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The truth about mycotoxin binders

Binding, or adsorbing, specific mycotoxins to limit their negative effects in livestock is a well-established method for mycotoxin deactivation. While a large number of binder products containing clay minerals such as bentonites are commercially available, there is a certain amount of confusion in the market regarding claims authorized by the European Commission.


This matters to many feed and livestock producers, since it relates to product safety and effectiveness which in turn impacts animal performance and profitably.

What can be bound?

This can be answered on 2 levels:

Starting from the chemistry, mycotoxins such as aflatoxins have a flat chemical structure and can be trapped between the layers of bentonites, in the same way a slice of meat sits between 2 slices of bread in a sandwich. Once the mycotoxin enters the binder layers, the electric force generated by the atoms of both compounds tightens the bond. The less flat chemical structure of other mycotoxins like deoxynivalenol (DON) or zearalenone (ZEN) results in less effective adsorption. Legally speaking, only aflatoxin binding claims are authorised in the EU.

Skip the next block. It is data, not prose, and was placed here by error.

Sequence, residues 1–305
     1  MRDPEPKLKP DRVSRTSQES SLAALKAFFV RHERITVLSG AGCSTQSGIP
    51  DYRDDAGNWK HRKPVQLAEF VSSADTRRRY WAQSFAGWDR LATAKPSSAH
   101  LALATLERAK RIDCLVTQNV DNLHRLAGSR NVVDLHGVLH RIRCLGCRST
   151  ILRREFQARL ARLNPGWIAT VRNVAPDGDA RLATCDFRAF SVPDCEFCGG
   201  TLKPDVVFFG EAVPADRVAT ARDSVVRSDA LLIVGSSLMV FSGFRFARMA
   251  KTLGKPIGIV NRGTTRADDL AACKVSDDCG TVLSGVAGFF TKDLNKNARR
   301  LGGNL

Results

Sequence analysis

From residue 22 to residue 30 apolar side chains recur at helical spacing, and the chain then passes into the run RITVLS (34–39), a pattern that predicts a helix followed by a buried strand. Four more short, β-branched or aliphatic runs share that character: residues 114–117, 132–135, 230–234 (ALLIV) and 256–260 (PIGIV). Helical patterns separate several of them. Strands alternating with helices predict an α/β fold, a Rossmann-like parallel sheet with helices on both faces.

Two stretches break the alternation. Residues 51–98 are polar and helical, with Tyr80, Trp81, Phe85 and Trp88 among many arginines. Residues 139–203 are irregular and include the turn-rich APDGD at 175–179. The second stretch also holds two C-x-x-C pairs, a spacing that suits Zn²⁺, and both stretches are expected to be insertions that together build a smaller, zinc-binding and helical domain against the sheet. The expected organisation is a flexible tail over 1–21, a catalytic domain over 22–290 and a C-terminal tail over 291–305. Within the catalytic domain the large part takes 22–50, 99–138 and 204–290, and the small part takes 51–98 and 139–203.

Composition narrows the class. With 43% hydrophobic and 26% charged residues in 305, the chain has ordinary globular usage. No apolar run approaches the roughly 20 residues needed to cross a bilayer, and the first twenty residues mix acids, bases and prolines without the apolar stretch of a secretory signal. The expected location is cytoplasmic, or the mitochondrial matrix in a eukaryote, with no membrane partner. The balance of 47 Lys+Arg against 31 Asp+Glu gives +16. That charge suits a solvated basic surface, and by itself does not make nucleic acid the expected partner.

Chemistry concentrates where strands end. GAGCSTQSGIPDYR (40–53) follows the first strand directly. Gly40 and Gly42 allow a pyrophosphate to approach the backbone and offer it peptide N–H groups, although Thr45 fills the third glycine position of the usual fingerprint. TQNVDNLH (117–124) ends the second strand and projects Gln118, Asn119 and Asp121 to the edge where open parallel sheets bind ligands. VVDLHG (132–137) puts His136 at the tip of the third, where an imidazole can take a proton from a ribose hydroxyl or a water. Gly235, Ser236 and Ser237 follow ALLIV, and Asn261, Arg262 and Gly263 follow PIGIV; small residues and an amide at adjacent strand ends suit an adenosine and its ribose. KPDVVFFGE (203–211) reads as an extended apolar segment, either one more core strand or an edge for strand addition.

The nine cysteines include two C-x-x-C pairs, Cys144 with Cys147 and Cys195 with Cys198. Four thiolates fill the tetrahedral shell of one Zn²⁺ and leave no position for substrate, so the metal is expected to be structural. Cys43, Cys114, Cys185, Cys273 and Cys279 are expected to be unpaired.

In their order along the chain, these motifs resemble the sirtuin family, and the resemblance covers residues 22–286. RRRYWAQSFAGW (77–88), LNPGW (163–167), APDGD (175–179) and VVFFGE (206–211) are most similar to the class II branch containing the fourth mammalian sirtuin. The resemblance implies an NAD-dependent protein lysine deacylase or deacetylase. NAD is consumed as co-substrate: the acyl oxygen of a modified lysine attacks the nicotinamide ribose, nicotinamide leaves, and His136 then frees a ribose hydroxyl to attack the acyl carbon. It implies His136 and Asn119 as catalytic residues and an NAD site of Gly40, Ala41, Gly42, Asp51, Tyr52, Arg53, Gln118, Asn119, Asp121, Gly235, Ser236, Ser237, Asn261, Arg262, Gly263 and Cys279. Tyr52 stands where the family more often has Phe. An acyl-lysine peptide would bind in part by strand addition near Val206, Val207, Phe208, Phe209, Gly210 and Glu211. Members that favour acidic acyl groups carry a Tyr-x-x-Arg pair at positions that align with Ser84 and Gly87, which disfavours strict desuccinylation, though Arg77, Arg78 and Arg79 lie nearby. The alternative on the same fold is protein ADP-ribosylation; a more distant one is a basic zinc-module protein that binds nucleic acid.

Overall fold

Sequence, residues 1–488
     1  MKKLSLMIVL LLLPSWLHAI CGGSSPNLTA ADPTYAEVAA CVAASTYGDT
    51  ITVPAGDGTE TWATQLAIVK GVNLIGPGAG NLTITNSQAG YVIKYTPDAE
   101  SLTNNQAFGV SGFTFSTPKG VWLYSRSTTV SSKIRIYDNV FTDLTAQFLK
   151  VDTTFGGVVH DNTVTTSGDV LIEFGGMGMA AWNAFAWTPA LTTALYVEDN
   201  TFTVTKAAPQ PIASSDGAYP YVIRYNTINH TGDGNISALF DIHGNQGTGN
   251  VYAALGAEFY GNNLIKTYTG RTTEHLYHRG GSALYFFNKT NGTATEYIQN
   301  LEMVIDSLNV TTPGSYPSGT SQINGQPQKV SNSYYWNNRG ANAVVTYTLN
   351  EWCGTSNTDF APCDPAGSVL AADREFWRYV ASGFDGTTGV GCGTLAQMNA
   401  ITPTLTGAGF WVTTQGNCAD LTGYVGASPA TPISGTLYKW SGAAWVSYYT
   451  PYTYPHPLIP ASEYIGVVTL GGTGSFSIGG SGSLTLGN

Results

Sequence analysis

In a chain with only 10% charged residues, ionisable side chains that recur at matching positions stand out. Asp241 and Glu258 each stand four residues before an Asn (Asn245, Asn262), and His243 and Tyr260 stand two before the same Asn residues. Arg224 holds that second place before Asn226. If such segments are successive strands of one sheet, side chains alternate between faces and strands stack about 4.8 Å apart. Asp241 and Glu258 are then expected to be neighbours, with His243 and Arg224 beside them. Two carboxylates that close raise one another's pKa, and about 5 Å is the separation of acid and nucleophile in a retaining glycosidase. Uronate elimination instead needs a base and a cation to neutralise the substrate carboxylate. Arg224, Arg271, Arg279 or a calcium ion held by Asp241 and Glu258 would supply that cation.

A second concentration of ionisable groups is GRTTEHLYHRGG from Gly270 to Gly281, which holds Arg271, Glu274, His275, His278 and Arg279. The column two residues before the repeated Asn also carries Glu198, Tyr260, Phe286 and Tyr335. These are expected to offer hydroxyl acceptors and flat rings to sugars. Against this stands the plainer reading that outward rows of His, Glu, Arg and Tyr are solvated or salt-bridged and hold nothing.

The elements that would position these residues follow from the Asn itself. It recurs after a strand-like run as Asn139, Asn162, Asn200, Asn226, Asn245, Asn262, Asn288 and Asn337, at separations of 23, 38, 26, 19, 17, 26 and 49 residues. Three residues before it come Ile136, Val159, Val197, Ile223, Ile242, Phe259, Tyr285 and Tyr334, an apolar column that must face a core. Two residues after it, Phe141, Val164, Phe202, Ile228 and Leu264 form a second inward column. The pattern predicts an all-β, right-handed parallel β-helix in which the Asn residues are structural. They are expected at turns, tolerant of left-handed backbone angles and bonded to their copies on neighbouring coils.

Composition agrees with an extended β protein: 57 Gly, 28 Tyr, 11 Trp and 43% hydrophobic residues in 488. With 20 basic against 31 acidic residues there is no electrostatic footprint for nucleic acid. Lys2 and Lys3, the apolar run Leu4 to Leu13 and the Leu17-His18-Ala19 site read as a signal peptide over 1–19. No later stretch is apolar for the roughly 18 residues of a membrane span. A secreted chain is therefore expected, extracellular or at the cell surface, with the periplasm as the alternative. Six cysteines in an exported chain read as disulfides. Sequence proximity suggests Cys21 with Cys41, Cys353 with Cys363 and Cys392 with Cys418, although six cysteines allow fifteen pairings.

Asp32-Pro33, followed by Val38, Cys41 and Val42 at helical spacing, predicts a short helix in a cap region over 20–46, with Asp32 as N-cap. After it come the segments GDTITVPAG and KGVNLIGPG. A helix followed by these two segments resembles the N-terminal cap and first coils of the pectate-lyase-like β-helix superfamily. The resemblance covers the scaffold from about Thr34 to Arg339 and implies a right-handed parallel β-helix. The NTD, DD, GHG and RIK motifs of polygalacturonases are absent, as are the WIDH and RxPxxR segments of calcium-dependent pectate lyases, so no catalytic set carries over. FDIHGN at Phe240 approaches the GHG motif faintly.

What makes a good binder?

A multi-year research project between Biomin and IFA Tulln, the world leader in research on fungi and mycotoxins, tested more than 300 different materials e.g. organic binders, cellular components, aluminosilicates, activated carbon, etc. for their ability to bind aflatoxins. 5 key characteristics defined a successful material, namely:

1. High adsorption capacity

The method developed by IFA and the Biomin Research Center requires that 200 grams of the adsorbent be able to bind more than 90% of 4,000 ppb of aflatoxin at a pH of 5.0. This is a rather high bar, as the chart below shows that only 3 out of 30 commercially-available products tested met the requirements. This set of requirements was later adopted as a reference for testing adsorbent materials by the European Union Reference Laboratories (EURL).

Source: Biomin

2. Irreversibility

It is important that the aflatoxin binding is strong e.g. not easily undone - otherwise the bound toxins could be released again and impair animal performance.